Firstly if I held an LM ticket I'd ask LM employees, I wouldn't expect Virgin employees to help me as I'm not their customer. If they do help me, great, but it would never be expected. I'm also not sure I'd trust info given to me by VT about LM as they're not trained (or paid) to know this information. Also there's the risk factor. How understanding would an LM RPI be if I told them I got on a wrong train because of something a VT employee told me? I would bet next month's rent that his response would be 'you should ask LM employees about LM services, sir. Now please sign here for your penalty fare.'

I wouldn't be grateful to Virgin for 'letting' me travel on their trains. If I hold a ticket on LM then they are contracted to get me to my destination. Virgin get paid to take me if LM can't and you can bet it's a damn sight cheaper for LM had they sent us by Virgin (you know Virgin won't carry me for free, right?) than by taxi.

And I don't think I made a comment on the state of the railways, or what I think its future should be. The companies are separate, and no amount of wishing it were otherwise will change that. I've made no comment as to whether i think it's a good idea or not. Please don't ascribe to me views you don't know I hold. If I want you to know my views on something you can be sure I'll tell you.

.....And you think my post carried inaccurate assumptions.

So you turn up to a ticket office/station manned by VT staff and want a LM only ticket and advice, where are you gonna find a LM member of staff to sell u a ticket and provide advice? That's right you won't!

As far as I'm aware at times of disruption, TOCs agree to carry each other's passengers without money exchanging hands between these TOCs (but I'm happy to be proven wrong).

On the railway you are not a LM/VT/XC/..... customer. You are a customer of the railway and are entitled to assistance from any member of railway staff regardless of what ticket you hold and who they are employed by. This does not necessarily mean getting away with traveling on train services not covered by the rail ticket.
 

jopsuk

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Intuitively, I would have thought that it wasn't any of Virgin's business if I had an LM ticket or not..
Other than showing them your ticket, how else could you prove that you're not attempting to board the Virgin train on the adjacent platform without a ticket?

Plus, as pointed out, the railway is somewhat more joined up.

Anyway, where multiple shops share an entrance, the security guards may well be paid for by all tennants...
 

Tibbs

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.....And you think my post carried inaccurate assumptions.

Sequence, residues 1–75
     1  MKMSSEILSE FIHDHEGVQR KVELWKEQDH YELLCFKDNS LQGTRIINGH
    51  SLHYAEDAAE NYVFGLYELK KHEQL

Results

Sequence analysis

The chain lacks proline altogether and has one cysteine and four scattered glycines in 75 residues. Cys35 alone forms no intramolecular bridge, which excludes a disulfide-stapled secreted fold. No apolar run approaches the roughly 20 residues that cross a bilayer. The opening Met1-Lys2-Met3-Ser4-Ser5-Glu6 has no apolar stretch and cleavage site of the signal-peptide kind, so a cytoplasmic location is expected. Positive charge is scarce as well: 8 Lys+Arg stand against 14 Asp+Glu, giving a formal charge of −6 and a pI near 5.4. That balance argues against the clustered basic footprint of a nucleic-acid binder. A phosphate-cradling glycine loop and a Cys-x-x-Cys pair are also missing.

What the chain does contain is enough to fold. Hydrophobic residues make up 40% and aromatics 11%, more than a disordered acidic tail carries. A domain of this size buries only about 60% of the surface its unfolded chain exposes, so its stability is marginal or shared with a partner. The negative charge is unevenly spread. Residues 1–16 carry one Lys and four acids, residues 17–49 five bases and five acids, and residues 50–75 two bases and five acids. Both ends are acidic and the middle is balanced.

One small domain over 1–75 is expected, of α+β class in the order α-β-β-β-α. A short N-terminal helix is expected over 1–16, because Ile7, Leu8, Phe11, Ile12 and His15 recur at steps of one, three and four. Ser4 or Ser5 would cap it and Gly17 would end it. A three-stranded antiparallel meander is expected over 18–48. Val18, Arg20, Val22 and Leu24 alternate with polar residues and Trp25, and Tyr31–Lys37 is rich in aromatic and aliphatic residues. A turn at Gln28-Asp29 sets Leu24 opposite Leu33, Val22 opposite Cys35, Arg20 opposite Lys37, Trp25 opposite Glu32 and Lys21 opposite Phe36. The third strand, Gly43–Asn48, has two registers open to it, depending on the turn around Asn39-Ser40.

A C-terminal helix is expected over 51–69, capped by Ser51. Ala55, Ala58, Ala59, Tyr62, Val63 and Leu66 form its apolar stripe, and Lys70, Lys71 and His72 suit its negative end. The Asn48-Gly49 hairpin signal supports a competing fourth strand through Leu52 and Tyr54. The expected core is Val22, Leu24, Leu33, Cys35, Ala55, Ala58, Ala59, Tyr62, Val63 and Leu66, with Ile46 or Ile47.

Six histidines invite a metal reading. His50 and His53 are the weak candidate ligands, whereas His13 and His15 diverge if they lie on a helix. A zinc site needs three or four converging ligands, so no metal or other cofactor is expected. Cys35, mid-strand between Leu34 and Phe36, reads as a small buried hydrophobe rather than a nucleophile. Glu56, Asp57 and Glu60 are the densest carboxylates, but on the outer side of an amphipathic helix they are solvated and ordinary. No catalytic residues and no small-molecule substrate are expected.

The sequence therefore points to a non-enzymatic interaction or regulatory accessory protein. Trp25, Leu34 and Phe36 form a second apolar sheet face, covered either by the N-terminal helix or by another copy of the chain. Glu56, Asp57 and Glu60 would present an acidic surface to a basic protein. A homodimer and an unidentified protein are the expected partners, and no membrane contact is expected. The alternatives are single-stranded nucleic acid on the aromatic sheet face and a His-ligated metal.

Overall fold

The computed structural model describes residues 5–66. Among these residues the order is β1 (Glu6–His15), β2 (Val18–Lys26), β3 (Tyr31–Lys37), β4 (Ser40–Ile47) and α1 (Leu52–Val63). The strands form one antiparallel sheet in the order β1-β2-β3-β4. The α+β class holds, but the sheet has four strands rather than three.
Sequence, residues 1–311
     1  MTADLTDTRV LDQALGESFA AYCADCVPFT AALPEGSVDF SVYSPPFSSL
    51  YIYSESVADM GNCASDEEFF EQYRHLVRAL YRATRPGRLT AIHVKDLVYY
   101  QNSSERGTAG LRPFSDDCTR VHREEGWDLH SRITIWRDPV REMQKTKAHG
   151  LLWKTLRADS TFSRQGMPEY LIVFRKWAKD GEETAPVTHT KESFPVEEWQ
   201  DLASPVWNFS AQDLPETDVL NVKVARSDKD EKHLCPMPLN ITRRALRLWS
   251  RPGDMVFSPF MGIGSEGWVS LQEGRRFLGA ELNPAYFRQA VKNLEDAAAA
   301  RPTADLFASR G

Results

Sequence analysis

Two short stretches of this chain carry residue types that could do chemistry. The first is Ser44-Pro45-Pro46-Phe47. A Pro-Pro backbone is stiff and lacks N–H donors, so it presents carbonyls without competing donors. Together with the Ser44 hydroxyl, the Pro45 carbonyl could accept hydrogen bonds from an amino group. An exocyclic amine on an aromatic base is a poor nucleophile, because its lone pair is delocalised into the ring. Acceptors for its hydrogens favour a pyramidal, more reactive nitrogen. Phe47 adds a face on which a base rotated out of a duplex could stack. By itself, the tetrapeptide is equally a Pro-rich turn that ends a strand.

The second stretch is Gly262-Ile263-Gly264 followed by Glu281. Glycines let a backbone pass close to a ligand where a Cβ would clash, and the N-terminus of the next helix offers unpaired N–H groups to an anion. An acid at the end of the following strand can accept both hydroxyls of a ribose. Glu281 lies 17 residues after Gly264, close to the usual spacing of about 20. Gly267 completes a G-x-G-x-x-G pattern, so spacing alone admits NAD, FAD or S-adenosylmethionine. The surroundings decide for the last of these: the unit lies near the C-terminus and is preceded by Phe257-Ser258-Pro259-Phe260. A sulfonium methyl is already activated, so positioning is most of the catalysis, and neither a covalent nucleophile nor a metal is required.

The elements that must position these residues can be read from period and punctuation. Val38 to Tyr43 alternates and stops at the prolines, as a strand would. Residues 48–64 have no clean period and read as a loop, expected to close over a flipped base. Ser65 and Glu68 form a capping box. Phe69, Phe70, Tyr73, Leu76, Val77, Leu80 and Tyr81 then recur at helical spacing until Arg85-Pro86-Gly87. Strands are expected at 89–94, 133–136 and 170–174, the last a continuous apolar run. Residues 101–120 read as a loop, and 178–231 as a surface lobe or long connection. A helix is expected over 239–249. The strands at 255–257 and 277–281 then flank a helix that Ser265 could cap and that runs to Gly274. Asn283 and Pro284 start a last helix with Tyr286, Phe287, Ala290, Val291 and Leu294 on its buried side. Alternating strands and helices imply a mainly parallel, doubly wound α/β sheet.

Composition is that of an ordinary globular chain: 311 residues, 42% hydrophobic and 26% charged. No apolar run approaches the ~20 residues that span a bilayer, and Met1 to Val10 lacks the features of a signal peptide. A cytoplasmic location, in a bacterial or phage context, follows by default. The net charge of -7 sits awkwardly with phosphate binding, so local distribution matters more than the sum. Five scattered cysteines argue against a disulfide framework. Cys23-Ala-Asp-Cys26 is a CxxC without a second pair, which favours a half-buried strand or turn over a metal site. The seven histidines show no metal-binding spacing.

So you turn up to a ticket office/station manned by VT staff and want a LM only ticket and advice, where are you gonna find a LM member of staff to sell u a ticket and provide advice? That's right you won't!

As far as I'm aware at times of disruption, TOCs agree to carry each other's passengers without money exchanging hands between these TOCs (but I'm happy to be proven wrong).

On the railway you are not a LM/VT/XC/..... customer. You are a customer of the railway and are entitled to assistance from any member of railway staff regardless of what ticket you hold and who they are employed by. This does not necessarily mean getting away with traveling on train services not covered by the rail ticket.
As I said in my post, if I had to ask a VT operative about an LM service, I wouldn't take it as gospel. In the scenario you describe, I would seek clarification with the LM guard asap.

As for travelling on someone else's service, it may be quid pro quo, but that doesn't make it free. If LM said that it would no longer let VT customers travel on their service you could guarantee that VT would reciprocate. They may not pay directly, but they do pay.


Other than showing them your ticket, how else could you prove that you're not attempting to board the Virgin train on the adjacent platform without a ticket?

Plus, as pointed out, the railway is somewhat more joined up.

Anyway, where multiple shops share an entrance, the security guards may well be paid for by all tennants...
I guess this is the approach where the railways are different to everywhere else. In other commercial enterprises, it's up to the shop to prove I'm a wrongdoer. On the railways it's up to me to prove that I'm not going to do something wrong. Innocent until proven guilty need not apply!